Our predictions for the relative performance of the far-right AfD and the far-left Linke have been proved wrong! We expected Die Linke to surprise at 15%, while the party only achieved 9.2%; and AfD to “underperform” at 10%, while it reached 12.6%. Like those economic projections that turn out to be incorrect, we were left with a sour taste in the mouth. Alas, this is the price of experience.
Market concerns have accentuated about the future of Europe and the policy uncertainty ahead of the tedious coalition negotiations that are facing Chancellor Merkel. We believe that AfD’s performance was not strong enough to genuinely affect the outlook for Germany, or the Euroarea, but the wrong policy response to these results will indeed play in favour of the more extremist parties.
First and foremost, we think inflation is a growing problem for Germany and the rest of the Eurozone – the German elections do not change the tightening bias ahead for the ECB and a strengthening Euro outlook (we see the Euro-Dollar moving to 1.30 in the coming quarters). The easiest place to see this is in the chart below showing industrial pricing power expectations for Germany and in the Eurozone. The trend is remarkably similar, very clearly up and the level not that far off the levels reached in 2008.
Secondly, the strong performance of AfD signals a deep malaise among many German voters: true, but signals of a similar malaise about Europe and weak purchasing power have been visible and are still clear across most EU member states. As a result, in our view, the issue is how the EU should change to prevent this social malaise escalating in the future, rather than seriously discussing the likelihood of a hypothetical EU(ro) breakup in the next few years (the Brexit negotiations clearly show how hard this is, even when the will to leave is there).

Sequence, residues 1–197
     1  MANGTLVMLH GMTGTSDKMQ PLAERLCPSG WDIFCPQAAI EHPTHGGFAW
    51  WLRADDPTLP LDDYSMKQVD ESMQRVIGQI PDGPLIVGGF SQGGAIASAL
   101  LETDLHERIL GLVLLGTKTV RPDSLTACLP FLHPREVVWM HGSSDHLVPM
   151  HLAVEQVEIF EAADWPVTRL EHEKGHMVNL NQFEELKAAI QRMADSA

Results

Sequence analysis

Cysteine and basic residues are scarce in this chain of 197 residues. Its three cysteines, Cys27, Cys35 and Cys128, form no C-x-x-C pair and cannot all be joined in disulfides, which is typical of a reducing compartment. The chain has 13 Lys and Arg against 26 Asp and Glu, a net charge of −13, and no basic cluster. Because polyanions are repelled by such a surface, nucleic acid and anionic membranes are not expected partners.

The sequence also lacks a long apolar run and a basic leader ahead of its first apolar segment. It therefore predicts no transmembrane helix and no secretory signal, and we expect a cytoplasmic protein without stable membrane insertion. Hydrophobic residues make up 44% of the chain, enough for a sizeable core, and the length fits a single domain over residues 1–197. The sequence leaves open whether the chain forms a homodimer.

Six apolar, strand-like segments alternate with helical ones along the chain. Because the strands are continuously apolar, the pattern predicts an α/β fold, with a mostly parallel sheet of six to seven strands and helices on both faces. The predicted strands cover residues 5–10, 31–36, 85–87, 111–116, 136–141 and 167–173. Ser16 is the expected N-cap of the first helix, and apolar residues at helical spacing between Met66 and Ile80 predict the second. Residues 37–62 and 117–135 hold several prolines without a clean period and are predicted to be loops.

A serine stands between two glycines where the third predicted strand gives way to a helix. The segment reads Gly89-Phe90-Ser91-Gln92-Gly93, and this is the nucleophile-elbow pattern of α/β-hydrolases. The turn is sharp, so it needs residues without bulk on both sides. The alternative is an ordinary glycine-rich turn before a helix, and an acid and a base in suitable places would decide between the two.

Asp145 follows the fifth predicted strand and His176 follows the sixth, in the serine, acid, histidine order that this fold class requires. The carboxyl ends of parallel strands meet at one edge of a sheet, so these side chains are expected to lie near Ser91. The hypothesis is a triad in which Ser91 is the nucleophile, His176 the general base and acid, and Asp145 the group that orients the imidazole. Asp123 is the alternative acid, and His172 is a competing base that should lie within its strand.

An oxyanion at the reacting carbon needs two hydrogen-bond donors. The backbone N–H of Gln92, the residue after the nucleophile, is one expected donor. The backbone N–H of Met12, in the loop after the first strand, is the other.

In our view, there are three core topics that would see discussions and policy changes taking place; and one that would see discussions, but either no genuine progress or, de facto, limited progress.
There is a race to the bottom on corporate tax rates taking place: Hungary is currently leading with a 9% rate effective this year, with the majority of countries doing the same, and it appears to us that the new German government is likely to join in.
There is widespread social dissatisfaction with falling purchasing power for the majority of voters (those in the first three income quintile brackets at a minimum), a common concern about the perceived increased costs and falling investments in education and healthcare, as well as the effects on the labour market that advancements in digitalisation could bring. A simple response to this, in our view, would be the reallocation of the EU cohesion funds away from infrastructure-intensive projects to “productivity and quality of life” enhancement projects. Many fear that EU funds will dry up after the UK departs the EU – we beg to differ: they are likely to be readjusted and, in fact, even enlarged.
There is an increasingly stark difference between the balance sheet size – and, de facto, the market power – of small- and medium-sized companies and those of the uber-companies (those with annual profits that are now as large as the GDP of not-so-small countries: USD20-80bn a year). This trend by now, in our view, has material implications for growth, employment and workers’ (i.e., voters) satisfaction. We believe that many changes could materialise in the coming years to partly address this disparity, ranging from taxation changes to regulatory amendments.
The one topic we expect to see widely debated, but not really solved, is a future close fiscal union at the EU level. On this issue, we see enormous political obstacles to anything that concentrates budget powers in Brussels beyond what is written already in the EU rules. We could see the creation of a figure at the EU level with budget responsibility, but this, in our view, would simply be a redefinition of what is in place already. The electorate in the EU is very clearly saying that it appreciates the EU project because of the peace it brought and because of its promise of prosperity for all. However, it fiercely dislikes the increasing bureaucracy it brings, and it forcefully resists the watering down of national identity – and policy freedom – that it has supported.